Wills, Trusts & Estates Prof Blog

Editor: Gerry W. Beyer
Texas Tech Univ. School of Law

Wednesday, April 26, 2017

Estate Planning Will Not Become a Thing of the Past

Estate financial planThe estate tax repeal seems inevitable at this point. Accordingly, many people have been wondering whether traditional estate planning will be a thing of the past. The answer? No, estate planning will continue to be an essential part of clients’ financial future. The timing of an estate tax repeal remains uncertain, which could potentially force an excise in planning. The estate planning process should also consider an increase in capital gains taxes to substitute the repeal of the estate tax. Although a repeal may be coming, trusts and other tax efficient ways to distribute wealth are still relevant to estate planning. Overall, the potential estate tax repeal should not diminish the importance of comprehensive estate planning.

See Michael J. Nathanson, Ian D. Barclay & Cary P. Geller, Estate Planning: It’s Not Over, Financial Advisor, April 3, 2017.

Special thanks to Jim Hillhouse (Professional Legal Marketing (PLM, Inc.)) for bringing this article to my attention.

April 26, 2017 in Current Events, Estate Planning - Generally, Estate Tax, Gift Tax, Trusts, Wills | Permalink | Comments (0)

Tuesday, April 25, 2017

Book on International Trust Laws

International trust lawsPaolo Panico recently published a book entitled, International Trust Laws (2d ed. 2017). Provided below is a summary of the book:

  • Compares trust law across a number of jurisdictions, providing the reader with references to offshore case law legislation and case law that is often inaccessible.
  • Covers law and practice in leading trust centres such as Jersey, Guernsey, the Cayman Islands, the Bahamas, and the Isle of Man, with examples drawn from a wealth of other jurisdictions including New Zealand, Dubai, Mauritius and the Cook Islands.
  • Provides detailed analysis of common law and the recognition and circulation of trusts in civil law jurisdictions where trusts are practised under the Hague Trust Convention.
  • Includes discussion of offshore and onshore trust jurisdictions.
  • The book can be used either with a focus on a particular jurisdiction, analyzing its trust law in relation to those of other jurisdictions; or with a focus on a particular topic, such as settlor's reserved powers, beneficiaries' rights to information, or protector's duties, illustrated by approaches from various trust jurisdictions.

April 25, 2017 in Books, Books - For Practitioners, Books - For the Classroom, Estate Planning - Generally, Trusts | Permalink | Comments (0)

Details of David Rockefeller's Will Revealed

RockefellerDavid Rockefeller Sr., the last surviving descendent of oil magnate John D. Rockefeller, died last month at the age of 101, making him the oldest billionaire at the time of his death. Rockefeller’s will details all issues for his estate from his plans for his Maine island, to his art collection, to charitable gifts. A large part of Rockefeller’s estate was divided up amongst his five surviving children, while the assets that he personally controlled are being sold off to benefit charities. Upon liquidation of his assets, Rockefeller’s estate will likely donate approximately $700 million to various charities and use a leftover $250 million to finance the launch of the David Rockefeller Global Development Fund. Further, the will dictates that his children have first priority to purchase certain owned properties at fair market value, with any leftover properties being donated to historic preservation trusts, land preserves, or charities. Rockefeller also owned approximately 15,000 artworks. The bulk of this collection will go to the Museum of Modern Art.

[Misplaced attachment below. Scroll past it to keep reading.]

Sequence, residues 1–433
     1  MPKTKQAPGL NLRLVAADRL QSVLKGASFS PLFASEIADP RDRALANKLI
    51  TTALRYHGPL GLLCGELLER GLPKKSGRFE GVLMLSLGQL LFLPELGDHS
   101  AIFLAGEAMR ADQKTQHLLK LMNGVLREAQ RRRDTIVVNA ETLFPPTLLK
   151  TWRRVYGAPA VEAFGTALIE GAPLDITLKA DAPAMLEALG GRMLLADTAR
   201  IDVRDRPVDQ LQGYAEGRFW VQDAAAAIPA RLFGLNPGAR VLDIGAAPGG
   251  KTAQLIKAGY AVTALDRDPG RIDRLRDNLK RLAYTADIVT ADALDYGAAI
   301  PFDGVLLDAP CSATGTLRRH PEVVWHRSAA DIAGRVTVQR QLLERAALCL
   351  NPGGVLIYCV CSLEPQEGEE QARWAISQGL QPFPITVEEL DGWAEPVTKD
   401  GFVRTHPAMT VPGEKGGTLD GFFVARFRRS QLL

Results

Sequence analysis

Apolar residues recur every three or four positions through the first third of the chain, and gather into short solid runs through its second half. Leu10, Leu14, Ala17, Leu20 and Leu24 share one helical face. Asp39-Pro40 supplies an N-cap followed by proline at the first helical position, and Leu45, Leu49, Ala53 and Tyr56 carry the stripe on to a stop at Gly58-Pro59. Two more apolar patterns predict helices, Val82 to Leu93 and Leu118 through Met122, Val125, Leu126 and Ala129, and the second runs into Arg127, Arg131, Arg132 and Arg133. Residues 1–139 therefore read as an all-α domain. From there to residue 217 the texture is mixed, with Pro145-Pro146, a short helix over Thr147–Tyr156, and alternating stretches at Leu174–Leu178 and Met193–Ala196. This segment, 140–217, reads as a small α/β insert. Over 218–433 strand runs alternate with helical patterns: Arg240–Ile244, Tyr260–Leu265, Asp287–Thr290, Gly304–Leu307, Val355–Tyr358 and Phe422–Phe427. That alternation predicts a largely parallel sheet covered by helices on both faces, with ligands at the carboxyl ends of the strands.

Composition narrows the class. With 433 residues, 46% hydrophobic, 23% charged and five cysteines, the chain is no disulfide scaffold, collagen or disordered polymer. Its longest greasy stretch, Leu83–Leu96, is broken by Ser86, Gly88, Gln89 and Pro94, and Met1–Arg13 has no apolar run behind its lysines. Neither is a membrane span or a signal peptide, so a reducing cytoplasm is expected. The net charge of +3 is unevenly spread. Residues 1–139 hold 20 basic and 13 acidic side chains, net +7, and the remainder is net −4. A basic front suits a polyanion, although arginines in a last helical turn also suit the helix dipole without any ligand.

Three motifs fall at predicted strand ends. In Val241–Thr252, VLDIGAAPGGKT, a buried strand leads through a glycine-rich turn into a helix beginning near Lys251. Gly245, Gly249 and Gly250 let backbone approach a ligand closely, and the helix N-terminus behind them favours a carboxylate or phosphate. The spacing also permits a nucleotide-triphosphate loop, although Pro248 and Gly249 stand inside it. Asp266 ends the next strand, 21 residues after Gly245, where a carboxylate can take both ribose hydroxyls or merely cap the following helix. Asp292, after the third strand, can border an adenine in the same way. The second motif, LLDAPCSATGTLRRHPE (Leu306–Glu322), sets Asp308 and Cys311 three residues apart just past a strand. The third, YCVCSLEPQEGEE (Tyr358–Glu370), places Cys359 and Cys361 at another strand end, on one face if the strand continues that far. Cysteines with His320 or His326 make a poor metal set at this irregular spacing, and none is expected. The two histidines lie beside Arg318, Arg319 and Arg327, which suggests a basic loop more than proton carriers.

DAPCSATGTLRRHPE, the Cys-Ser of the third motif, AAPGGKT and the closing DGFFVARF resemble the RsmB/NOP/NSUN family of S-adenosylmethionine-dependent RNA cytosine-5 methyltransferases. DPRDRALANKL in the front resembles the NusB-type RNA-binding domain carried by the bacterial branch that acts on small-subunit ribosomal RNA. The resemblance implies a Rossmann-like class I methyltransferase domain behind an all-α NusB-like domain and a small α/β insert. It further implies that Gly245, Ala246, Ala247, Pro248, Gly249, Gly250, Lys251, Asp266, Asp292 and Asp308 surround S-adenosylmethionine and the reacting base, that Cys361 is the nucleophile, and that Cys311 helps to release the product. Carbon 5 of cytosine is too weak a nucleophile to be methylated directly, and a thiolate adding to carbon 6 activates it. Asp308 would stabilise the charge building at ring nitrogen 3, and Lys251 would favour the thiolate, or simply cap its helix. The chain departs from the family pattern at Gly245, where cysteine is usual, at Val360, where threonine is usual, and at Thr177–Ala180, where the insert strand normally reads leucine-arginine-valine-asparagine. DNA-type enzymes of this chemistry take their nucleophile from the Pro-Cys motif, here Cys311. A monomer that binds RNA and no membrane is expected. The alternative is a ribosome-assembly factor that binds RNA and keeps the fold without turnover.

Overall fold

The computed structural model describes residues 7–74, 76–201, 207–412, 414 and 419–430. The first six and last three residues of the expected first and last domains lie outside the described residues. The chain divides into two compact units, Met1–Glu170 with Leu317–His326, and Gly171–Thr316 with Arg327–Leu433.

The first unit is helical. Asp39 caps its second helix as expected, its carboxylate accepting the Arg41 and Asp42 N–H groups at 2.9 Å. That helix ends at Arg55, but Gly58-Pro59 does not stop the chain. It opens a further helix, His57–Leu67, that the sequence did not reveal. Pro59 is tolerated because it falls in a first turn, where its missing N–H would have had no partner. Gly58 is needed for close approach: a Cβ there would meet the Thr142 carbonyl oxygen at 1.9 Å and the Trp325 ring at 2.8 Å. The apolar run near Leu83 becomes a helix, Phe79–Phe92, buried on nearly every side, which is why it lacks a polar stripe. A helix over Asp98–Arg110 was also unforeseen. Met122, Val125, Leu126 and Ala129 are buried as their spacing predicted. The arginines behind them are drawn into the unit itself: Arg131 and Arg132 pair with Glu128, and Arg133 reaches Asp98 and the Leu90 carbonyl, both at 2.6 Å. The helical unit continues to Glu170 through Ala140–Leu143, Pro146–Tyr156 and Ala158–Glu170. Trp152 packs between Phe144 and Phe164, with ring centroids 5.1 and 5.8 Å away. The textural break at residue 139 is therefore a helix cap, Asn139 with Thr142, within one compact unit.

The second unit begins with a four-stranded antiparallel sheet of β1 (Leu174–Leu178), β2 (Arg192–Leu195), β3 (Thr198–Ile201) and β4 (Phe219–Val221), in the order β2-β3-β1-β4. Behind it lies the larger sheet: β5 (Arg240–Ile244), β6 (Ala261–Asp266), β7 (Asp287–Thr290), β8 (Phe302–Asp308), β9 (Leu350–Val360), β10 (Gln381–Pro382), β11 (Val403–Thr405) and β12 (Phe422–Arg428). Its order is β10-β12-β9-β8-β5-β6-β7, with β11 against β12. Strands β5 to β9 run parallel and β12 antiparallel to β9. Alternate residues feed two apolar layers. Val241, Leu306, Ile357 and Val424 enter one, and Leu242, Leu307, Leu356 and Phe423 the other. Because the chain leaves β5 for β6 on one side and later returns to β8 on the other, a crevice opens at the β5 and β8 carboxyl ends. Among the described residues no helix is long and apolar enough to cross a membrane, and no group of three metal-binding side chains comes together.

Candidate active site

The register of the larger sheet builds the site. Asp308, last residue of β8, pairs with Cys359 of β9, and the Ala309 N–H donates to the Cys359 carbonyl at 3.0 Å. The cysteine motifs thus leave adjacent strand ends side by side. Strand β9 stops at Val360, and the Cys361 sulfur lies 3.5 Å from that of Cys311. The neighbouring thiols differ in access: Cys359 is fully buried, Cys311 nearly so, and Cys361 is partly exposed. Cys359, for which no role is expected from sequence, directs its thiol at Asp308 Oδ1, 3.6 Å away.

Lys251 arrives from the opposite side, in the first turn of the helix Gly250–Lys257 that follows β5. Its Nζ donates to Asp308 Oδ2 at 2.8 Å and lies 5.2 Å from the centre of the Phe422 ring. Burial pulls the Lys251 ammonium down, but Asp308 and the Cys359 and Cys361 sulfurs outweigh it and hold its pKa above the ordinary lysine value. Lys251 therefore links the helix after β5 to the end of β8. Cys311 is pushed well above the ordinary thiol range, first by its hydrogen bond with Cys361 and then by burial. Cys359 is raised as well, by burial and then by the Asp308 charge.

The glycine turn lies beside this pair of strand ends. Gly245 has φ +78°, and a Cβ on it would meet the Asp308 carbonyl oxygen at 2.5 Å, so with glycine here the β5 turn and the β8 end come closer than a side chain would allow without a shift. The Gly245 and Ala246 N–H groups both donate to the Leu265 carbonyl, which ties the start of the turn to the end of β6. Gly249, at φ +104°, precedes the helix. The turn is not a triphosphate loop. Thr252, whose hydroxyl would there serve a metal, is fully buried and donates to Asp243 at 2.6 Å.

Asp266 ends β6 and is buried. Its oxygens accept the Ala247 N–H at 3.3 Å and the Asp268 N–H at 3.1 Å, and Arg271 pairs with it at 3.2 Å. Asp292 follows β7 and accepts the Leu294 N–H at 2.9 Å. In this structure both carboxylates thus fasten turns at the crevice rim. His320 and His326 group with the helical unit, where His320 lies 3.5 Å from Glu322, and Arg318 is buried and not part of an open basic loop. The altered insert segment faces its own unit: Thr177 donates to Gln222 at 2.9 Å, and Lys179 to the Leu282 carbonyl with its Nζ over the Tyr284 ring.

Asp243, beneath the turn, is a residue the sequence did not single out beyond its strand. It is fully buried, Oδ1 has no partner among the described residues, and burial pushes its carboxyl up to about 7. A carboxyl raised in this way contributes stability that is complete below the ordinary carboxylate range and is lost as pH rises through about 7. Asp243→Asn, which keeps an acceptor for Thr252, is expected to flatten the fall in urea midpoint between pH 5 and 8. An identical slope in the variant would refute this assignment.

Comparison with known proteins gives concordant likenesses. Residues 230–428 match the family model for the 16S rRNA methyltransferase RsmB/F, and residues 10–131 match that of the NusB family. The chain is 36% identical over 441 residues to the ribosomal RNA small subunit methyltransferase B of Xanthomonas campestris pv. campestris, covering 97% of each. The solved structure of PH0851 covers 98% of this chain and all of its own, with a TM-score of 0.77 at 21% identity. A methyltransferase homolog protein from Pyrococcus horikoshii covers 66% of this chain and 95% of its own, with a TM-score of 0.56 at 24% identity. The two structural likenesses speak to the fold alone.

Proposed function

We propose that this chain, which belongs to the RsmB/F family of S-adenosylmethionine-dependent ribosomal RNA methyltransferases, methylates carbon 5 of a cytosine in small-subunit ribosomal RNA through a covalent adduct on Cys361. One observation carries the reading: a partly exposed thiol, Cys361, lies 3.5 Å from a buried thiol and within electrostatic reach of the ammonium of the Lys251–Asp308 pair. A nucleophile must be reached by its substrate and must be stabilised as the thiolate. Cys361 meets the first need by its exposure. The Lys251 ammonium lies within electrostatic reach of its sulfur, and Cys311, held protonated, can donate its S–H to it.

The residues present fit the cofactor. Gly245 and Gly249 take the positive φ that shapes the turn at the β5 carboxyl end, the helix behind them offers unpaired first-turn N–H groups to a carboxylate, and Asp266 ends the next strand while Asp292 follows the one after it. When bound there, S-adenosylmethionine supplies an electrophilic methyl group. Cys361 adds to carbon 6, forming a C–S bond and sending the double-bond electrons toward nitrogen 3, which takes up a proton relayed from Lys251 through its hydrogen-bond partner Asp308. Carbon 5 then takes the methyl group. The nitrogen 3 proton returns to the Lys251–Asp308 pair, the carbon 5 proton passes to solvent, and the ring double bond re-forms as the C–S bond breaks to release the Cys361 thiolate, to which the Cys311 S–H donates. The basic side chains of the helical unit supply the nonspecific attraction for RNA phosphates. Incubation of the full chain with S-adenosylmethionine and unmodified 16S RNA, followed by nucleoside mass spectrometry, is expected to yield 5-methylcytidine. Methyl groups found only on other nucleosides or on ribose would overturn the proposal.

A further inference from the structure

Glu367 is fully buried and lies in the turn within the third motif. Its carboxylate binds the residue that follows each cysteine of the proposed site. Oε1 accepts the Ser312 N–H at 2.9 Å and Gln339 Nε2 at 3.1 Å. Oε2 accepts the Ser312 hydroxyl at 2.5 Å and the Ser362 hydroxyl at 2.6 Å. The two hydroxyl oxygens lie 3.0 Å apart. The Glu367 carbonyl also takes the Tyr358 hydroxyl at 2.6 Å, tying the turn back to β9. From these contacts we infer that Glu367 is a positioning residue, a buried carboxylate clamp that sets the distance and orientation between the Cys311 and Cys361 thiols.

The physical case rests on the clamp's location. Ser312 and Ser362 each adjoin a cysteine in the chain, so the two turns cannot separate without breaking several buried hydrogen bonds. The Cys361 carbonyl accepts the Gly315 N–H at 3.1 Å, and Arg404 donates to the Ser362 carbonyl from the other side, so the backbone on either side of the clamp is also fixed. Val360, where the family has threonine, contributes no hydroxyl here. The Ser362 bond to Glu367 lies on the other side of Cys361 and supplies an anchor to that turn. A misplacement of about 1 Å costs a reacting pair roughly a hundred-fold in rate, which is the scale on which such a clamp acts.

See Michela Tindera, Inside Late Billionaire David Rockefeller’s Will: Picassos, a Beetle Collection and a Maine Island, Forbes, April 20, 2017.

Special thanks to Joel Dobris (Professor of Law, UC Davis School of Law) for bringing this article to my attention.

April 25, 2017 in Current Events, Estate Planning - Generally, Trusts, Wills | Permalink | Comments (0)

Monday, April 24, 2017

Article on Trustees Baring Legal Title

TrusteeTobias Barkley recently published an Article entitled, Trustees’ Bare Legal Title: Concept or Misconception?, 26 Australian Properly L.J. 44 (2017). Provided below is an abstract of the Article:

There is a widespread idea that trustees hold a ‘bare’ or ‘dry’ title, which is distinguishable from an absolute owner’s title. A number of cases in Australia have suggested this is a misconception and a trustee’s title should not be distinguished from that of an absolute owner. This is said to be required by the theory that beneficial interests are not carved out of the trustee’s title but grafted onto it. This paper will argue this is an error; ‘bare legal title’ is a legitimate and useful concept. First, the carving/grafting theory, when properly understood, is narrow in scope and does not conflict with the idea of bare legal title. Second, the distinctiveness of a trustee’s title is recognised in a wide enough variety of contexts that it can be accepted as a useful general concept for interpreting rules that refer to property.